A goal setting approach to a healthy lifestyle in adolescent females

Date of Award


Degree Type


Degree Name

Doctor of Psychology


Faculty of Computing, Health and Sciences


Obesity and overweight, caused by unhealthy lifestyle behaviours such as physical inactivity and an unbalanced diet, contribute to a multitude of problems for both individuals and the community. The literature has demonstrated that risk factors that contribute to unhealthy lifestyle behaviours arise during childhood and adolescence. These behaviours lead into adulthood and the onset of chronic diseases such as Type 2 diabetes and cardiovascular disease.

This thesis reported on the construction, implementation and exploratory evaluation of a goal setting program to help facilitate behaviour change in the areas of healthy eating and physical activity in female adolescents. Forty-two female adolescents enrolled in high school who were between 13 and 17 years of age participated in the study. Participants were split into two groups, an intervention group and a control group. Participants were educated in a goal framing technique which emphasised setting ‘approach’ over ‘avoidance’ goals, particularly in reference to living a healthy lifestyle; and they were encouraged to set goals that were moving towards success or gaining something, rather than giving up something. Both the goal setting program and the accompanying healthy lifestyle education program took an hour long each. The intervention period spanned six weeks with follow up after a further four weeks.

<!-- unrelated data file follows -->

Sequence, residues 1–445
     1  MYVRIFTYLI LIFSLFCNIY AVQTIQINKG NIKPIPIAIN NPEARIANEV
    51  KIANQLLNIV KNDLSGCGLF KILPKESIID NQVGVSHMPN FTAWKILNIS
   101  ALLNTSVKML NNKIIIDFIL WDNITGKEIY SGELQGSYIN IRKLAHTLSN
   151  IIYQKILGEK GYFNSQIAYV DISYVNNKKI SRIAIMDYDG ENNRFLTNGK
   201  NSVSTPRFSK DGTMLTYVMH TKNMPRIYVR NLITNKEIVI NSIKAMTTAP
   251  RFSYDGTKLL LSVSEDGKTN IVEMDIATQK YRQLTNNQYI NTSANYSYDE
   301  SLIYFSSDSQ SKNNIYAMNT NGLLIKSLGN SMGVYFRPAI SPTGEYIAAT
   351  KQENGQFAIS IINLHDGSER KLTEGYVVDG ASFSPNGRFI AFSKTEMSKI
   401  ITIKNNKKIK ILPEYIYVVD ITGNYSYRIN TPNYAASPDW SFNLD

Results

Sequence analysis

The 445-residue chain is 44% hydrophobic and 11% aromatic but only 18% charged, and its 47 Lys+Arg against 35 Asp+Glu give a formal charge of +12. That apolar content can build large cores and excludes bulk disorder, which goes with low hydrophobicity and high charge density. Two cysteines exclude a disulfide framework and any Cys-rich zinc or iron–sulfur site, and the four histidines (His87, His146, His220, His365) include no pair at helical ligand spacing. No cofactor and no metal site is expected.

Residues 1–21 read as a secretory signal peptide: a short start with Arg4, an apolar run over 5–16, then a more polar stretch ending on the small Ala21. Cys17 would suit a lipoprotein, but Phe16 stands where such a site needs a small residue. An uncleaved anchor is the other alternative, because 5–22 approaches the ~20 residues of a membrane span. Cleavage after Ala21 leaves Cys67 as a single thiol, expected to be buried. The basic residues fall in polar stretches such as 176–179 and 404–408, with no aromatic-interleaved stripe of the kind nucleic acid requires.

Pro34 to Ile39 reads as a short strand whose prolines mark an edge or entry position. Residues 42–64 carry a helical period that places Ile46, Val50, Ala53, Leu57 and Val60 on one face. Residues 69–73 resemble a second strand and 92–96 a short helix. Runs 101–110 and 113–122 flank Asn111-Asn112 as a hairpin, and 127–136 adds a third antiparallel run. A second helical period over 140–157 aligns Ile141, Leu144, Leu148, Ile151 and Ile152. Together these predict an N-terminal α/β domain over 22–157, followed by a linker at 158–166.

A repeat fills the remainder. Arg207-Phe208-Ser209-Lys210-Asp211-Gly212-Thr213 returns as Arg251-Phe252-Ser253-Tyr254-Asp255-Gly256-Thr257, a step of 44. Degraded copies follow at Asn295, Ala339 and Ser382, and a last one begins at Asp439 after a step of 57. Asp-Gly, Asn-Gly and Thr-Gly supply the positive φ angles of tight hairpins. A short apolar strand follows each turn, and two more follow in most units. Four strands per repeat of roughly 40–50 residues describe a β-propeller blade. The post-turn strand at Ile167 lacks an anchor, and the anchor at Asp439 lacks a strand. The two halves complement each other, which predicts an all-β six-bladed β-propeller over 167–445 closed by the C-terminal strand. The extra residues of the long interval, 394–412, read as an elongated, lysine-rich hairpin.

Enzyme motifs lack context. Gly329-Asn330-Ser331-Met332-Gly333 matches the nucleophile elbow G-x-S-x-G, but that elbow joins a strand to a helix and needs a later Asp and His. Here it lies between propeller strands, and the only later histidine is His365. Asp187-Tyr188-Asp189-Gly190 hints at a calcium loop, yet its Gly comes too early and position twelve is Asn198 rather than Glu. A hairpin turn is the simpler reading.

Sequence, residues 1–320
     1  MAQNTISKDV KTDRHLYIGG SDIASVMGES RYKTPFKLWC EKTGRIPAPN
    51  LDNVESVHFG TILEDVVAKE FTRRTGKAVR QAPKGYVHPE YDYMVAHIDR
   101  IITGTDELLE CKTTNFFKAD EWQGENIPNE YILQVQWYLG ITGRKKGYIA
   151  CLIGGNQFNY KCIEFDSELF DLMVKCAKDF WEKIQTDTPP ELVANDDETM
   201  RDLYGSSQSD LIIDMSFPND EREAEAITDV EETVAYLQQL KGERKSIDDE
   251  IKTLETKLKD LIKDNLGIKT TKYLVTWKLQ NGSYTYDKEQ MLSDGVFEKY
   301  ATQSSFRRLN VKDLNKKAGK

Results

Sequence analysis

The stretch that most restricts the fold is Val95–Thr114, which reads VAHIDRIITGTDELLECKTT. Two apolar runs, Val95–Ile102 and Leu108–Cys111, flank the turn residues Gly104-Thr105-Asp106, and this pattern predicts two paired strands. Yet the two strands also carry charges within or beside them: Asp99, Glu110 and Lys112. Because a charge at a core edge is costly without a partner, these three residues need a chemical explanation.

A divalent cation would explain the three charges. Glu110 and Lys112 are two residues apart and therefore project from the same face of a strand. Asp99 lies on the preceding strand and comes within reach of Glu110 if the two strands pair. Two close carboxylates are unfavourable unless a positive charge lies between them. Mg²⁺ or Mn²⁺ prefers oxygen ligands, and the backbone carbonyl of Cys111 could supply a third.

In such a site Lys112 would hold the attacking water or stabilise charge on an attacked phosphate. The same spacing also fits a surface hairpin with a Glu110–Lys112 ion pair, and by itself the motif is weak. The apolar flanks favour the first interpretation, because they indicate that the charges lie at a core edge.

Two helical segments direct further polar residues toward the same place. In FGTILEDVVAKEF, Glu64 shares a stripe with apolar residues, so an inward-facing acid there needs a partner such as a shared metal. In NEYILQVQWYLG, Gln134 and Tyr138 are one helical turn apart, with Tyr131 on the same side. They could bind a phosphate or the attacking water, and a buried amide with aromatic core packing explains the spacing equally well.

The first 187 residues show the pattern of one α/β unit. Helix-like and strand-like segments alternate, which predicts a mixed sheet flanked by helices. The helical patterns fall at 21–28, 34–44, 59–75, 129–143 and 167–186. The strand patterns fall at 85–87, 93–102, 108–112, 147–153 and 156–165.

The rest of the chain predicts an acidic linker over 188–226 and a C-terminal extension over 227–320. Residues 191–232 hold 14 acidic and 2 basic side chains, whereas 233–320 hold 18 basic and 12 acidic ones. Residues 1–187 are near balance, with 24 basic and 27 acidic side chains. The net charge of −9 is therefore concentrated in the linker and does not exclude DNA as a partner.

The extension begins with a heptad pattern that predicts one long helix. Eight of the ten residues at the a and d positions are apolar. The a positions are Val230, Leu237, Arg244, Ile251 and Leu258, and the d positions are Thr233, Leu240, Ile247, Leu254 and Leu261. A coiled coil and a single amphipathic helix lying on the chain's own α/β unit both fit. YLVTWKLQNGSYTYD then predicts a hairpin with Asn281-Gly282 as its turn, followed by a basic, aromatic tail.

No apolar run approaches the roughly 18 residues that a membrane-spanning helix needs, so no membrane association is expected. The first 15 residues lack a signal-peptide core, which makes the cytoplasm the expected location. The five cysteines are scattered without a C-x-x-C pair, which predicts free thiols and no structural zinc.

Dependent variables were behaviour, knowledge, Body Mass Index (BMI), self perception, exercise self efficacy and eating self efficacy. Individuals who participated in the goal setting program lost more weight (as measured by BMI), and increased their knowledge compared to those in the control group who did not set goals. Both findings ceased to be significant when age was controlled for statistically. Further exploration of the data revealed individual differences associated with culture and pre-intervention BMI evident in the goal setting group.

This research provided some support for using an aspect of goal setting (goal framing) in health behaviour modification for adolescents. Additional resources may be needed to facilitate change in the health behaviours of adolescents including ongoing support through an adolescent’s school and family, the use of motivational interviewing, and additional support for those adolescents who are already overweight.

LCSH Subject Headings

Teenage girls -- Health and hygiene.

Teenage girls -- Psychology.

Health behavior in adolescence.

Goal (Psychology)

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